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Say I have a function in C defined as :

bool check ( int x, int y);

Now if I call it using check(4);

What will be the value of y that is taken?

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will it be even compiled successfully? –  Diego De Vita Jul 27 '12 at 19:47
    
It would read the second value of the stack and store it in y. Undefined behavior. –  jsn Jul 27 '12 at 19:53
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@jsn: Nothing in the language definition suggests that it would do anything with the stack; the standard doesn't even mention the word. –  Keith Thompson Jul 27 '12 at 20:03
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Why do you suppose that the 4 matches the first parameter? It could be that you "forgot" the first and not the second parameter. –  Jens Gustedt Jul 27 '12 at 20:51
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@jsn: My point is that the behavior you described is not guaranteed. Even on systems with a contiguous stack, the behavior could vary depending on the order in which parameter are passed; I could easily imagine x being set to garbage and y to 4. (If you had written "could" rather than "should", I wouldn't have responded.) IMHO it's important to know what "undefined behavior" really means. –  Keith Thompson Jul 28 '12 at 0:21

1 Answer 1

Code like this can possibly compile only if the function is either undeclared (C89/90) or declared without a prototype (C89/90 and C99).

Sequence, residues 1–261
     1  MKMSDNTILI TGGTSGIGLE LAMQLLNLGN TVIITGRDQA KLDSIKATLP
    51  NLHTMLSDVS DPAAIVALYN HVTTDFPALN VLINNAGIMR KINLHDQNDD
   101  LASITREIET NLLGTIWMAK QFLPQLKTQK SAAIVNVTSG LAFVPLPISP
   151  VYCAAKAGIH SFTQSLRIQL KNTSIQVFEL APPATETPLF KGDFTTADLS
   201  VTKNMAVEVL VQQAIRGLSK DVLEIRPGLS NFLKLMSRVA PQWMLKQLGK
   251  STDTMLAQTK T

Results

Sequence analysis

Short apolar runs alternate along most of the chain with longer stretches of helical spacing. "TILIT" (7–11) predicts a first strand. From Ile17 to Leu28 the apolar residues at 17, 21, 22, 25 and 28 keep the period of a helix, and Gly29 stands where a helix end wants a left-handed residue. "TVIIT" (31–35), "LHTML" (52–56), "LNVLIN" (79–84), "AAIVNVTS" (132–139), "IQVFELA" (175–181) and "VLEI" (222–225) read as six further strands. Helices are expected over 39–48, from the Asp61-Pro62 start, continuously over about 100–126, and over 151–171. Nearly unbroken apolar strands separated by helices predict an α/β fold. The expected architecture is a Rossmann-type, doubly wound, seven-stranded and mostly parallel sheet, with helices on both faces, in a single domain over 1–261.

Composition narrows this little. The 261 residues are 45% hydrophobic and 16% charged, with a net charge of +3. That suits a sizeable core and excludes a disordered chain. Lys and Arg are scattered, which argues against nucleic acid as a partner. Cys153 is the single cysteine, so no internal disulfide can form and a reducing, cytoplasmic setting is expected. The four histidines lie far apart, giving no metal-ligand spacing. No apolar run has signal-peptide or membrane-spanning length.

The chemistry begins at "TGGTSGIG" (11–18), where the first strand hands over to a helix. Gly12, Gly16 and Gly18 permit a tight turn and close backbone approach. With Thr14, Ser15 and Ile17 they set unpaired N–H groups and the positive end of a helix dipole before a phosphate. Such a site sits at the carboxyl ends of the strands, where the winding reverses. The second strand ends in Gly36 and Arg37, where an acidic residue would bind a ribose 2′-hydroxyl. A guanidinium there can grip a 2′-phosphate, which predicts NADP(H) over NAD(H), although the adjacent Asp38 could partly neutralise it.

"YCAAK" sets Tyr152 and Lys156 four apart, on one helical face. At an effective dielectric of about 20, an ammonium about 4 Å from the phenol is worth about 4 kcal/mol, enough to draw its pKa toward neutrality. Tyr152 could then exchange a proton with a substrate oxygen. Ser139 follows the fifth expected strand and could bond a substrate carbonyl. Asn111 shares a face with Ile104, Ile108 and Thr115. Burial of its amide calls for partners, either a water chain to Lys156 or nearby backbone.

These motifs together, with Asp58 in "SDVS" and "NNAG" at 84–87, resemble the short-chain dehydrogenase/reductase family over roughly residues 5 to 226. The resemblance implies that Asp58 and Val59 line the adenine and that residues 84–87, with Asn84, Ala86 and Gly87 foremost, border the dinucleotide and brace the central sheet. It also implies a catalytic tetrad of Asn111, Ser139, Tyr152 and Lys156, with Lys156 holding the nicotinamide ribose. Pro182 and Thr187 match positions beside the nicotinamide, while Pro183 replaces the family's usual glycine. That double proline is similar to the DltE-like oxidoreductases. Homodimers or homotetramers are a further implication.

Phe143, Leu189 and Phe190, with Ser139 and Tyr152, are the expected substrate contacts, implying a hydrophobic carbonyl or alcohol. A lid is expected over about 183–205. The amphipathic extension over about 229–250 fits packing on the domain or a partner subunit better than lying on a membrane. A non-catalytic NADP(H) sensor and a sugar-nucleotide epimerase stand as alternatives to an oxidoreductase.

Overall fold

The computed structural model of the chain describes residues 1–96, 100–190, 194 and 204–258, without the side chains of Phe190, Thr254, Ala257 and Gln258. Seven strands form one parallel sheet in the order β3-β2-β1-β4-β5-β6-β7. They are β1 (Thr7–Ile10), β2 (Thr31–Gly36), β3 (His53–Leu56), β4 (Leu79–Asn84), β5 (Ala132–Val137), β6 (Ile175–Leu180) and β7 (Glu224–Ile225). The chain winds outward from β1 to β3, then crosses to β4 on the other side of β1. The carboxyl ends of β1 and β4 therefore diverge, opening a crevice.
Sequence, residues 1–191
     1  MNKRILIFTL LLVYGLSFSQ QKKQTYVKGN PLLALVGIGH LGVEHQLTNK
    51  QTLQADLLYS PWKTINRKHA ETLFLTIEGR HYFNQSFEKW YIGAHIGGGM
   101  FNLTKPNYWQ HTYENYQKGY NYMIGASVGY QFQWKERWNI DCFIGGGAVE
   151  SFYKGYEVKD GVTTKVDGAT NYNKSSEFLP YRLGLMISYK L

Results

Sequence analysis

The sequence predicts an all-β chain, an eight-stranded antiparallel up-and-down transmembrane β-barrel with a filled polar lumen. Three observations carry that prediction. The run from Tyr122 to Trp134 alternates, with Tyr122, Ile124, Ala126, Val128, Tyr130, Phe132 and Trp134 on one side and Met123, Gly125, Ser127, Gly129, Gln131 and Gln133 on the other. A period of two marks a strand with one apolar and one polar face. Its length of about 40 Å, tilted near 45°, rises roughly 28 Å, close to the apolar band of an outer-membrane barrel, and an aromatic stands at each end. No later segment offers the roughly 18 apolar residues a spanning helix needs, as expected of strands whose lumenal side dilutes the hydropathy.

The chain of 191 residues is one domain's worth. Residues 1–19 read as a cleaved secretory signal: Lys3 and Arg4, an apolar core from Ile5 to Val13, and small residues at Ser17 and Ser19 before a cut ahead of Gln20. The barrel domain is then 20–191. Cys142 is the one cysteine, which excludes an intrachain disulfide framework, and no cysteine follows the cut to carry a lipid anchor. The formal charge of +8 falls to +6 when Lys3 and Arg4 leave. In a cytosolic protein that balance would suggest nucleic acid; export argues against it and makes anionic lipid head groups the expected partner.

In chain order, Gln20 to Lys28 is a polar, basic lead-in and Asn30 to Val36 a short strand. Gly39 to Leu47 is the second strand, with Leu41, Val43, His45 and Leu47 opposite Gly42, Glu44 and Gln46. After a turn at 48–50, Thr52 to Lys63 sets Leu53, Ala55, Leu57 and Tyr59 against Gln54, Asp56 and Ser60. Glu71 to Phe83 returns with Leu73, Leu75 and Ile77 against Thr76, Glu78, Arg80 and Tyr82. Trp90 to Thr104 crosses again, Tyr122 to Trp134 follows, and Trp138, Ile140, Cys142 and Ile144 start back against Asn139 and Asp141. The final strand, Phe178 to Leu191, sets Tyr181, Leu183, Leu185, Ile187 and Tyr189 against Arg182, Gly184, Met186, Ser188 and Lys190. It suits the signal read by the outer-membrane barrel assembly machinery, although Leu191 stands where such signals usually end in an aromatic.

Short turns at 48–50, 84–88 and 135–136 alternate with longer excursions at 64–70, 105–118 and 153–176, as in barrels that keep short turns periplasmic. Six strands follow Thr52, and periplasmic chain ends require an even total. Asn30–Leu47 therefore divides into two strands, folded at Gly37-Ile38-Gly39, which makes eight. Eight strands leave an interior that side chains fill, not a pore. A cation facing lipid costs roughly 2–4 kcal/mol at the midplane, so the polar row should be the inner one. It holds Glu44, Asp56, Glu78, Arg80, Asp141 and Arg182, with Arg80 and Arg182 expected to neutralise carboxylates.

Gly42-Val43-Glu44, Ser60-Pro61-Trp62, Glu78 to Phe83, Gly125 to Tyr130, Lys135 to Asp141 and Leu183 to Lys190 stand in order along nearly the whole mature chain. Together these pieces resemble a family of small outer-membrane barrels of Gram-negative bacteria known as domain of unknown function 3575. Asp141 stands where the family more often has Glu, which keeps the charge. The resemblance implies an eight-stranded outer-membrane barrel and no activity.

In any case the behavior will be undefined. If the number and/or type of promoted arguments used in the call do not match those used in the function definition, the behavior is undefined.

6.5.2.2 Function calls

6 [...] If the number of arguments does not equal the number of parameters, the behavior is undefined [...] If the function is defined with a type that does not include a prototype, and the types of the arguments after promotion are not compatible with those of the parameters after promotion, the behavior is undefined

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+1 You're right, the prototypes remain optional! –  dasblinkenlight Jul 27 '12 at 20:02
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A compiler is still permitted to reject the program; that's one possible consequence of undefined behavior. –  Keith Thompson Jul 27 '12 at 20:04
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@dasblinkenlight: Right, declarations are mandatory (as of C99), but prototypes are still optional, even as of C11. (Which is a pity, IMHO; non-prototype function declarations have been "obsolescent" since 1989.) –  Keith Thompson Jul 27 '12 at 23:04

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